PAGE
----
As someone to teaches middle school American history, it is only fair that I present lessons with a neutral political discourse. My students do not need to know my political leanings, so I present both sides of the story. We are currently studying the Constitution, and in today's political climate, it is incredibly important for students to know what their rights are. They know that they have freedom of speech and the right to bear arms... and that's about it. I know that going through the Constitution bit by bit is incredibly annoying. What I did, instead, was utilize three different programs: Actively Learn, Socrative space race, and Adobe Spark Page.
I wanted the students to study the first three Articles of the Constitution, so I uploaded the Articles to Actively Learn with highlighted portions and questions built in (if you have an Actively Learn account, e-mail me at email@example.com if you want a copy). It was my first time using Actively Learn, and I am now a fan. I've been asking myself why I haven't been using this earlier, especially considering other teachers have been touting how amazing it is. Using Actively Learn isn't any different than having the students read and answer questions, but it's just different. My students were incredibly engaged with the text and were focused during class. The students could not move on to the next question until they answered the previous question, and the students knew that the answer to the question was right above the question. I felt like Actively Learn is a great tool when it comes to primary documents or readings that may be difficult to understand or digest.
The next part of the lesson was to have the students do a "space race" on Socrative. I have done these in the past, and have found that they are better than Kahoot. I would not say the students are more or less excited or engaged, but Socrative forces the students to get the answers correct instead of racing to respond to the question the quickest. I gave the students describing statements about the twenty-seven Amendments of the Constitution, and they had to figure out which Amendment was being described. Again, not a new or super interesting lesson, but the students were figuring out what the Constitution says. The students were engaged with the text and filled out a handout in Notability as they quizzed through Socrative.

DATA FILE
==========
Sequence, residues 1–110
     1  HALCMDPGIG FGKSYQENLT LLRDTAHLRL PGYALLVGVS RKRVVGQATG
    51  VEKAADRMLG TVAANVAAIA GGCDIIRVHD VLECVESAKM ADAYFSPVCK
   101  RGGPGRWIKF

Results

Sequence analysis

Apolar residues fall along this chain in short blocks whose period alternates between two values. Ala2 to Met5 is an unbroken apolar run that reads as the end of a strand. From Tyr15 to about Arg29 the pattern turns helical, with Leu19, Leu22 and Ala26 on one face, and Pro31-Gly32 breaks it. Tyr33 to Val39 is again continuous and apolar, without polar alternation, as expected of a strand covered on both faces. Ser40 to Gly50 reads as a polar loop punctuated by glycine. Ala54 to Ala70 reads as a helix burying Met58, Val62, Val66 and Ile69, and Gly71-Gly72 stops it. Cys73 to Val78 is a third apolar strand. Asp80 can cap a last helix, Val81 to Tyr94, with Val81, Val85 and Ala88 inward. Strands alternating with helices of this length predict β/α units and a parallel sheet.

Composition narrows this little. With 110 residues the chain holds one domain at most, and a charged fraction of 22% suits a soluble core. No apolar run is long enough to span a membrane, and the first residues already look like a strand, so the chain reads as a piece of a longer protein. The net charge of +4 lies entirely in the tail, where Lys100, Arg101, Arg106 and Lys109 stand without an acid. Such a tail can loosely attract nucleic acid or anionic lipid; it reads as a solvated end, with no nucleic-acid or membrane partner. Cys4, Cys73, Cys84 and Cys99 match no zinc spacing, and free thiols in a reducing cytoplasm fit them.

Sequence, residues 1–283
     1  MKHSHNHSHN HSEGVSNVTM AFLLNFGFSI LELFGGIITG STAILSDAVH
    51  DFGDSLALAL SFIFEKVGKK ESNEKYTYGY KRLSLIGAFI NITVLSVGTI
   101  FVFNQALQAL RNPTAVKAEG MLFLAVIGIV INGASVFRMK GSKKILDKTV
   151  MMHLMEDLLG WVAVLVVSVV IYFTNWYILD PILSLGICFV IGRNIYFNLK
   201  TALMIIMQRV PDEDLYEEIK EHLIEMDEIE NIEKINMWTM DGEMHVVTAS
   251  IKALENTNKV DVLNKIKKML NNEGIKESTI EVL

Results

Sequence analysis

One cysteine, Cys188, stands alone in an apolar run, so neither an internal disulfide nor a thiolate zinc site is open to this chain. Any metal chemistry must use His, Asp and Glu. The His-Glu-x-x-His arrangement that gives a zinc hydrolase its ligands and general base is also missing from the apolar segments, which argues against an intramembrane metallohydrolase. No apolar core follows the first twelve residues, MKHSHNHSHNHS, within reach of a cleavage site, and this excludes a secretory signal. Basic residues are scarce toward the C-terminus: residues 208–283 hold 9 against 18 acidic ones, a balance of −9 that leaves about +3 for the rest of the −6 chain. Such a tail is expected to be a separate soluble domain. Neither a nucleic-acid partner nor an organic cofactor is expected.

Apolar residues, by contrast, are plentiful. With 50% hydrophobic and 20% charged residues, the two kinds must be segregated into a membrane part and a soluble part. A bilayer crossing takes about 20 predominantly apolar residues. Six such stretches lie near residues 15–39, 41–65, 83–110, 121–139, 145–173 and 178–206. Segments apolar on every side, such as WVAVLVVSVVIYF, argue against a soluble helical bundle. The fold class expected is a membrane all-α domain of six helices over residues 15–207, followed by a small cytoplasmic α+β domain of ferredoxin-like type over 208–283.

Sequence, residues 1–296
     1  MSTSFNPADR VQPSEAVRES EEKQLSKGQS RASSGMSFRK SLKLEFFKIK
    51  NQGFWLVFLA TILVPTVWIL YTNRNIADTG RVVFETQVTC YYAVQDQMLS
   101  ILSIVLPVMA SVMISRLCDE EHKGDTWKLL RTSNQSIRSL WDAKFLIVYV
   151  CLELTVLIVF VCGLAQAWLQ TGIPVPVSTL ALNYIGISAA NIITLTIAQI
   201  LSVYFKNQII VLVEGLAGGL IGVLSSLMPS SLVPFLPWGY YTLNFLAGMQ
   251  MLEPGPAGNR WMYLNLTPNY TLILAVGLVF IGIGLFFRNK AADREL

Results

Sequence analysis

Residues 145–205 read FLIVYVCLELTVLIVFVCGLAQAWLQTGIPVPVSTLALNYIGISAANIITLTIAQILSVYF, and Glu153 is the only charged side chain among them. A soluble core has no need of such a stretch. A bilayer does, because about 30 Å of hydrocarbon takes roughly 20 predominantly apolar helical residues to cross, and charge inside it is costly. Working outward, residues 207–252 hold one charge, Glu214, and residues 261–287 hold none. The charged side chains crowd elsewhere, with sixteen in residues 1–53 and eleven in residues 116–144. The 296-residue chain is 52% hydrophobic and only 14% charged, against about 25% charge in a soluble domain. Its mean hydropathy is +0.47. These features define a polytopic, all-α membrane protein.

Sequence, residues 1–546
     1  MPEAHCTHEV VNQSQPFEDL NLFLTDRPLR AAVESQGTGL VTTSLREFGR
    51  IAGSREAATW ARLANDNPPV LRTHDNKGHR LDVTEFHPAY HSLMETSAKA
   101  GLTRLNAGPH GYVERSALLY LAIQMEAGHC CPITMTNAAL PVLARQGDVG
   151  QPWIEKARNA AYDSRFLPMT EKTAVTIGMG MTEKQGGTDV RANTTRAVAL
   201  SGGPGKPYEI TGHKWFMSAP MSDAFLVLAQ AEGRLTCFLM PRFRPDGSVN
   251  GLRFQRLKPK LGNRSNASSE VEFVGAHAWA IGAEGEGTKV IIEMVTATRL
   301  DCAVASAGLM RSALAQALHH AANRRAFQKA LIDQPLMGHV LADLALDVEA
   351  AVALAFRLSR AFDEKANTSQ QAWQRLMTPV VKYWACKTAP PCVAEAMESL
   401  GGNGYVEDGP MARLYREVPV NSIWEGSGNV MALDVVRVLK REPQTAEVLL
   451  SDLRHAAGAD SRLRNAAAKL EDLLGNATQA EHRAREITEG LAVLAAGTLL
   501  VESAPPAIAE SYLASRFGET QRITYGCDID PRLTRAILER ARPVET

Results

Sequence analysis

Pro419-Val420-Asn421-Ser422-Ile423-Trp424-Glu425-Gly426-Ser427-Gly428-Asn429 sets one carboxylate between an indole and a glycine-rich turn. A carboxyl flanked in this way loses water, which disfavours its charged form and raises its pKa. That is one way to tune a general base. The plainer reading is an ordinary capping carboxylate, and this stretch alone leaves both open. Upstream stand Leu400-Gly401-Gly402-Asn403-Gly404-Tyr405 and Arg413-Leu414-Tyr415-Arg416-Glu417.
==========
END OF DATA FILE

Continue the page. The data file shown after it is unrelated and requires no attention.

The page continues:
I have struggled with the Constitution unit every year that I have taught at Skyview. It just never turns out quite like I want. I feel like what I created this year was strong, and I will keep most of the lessons for next year. I think the students comprehended the ideas that I wanted, and I know that they were engaged with the ideas. I'm not sure I could ask more of teenagers learning about an 18th-century primary document.
Thanks for reading! I'll see you next week :)
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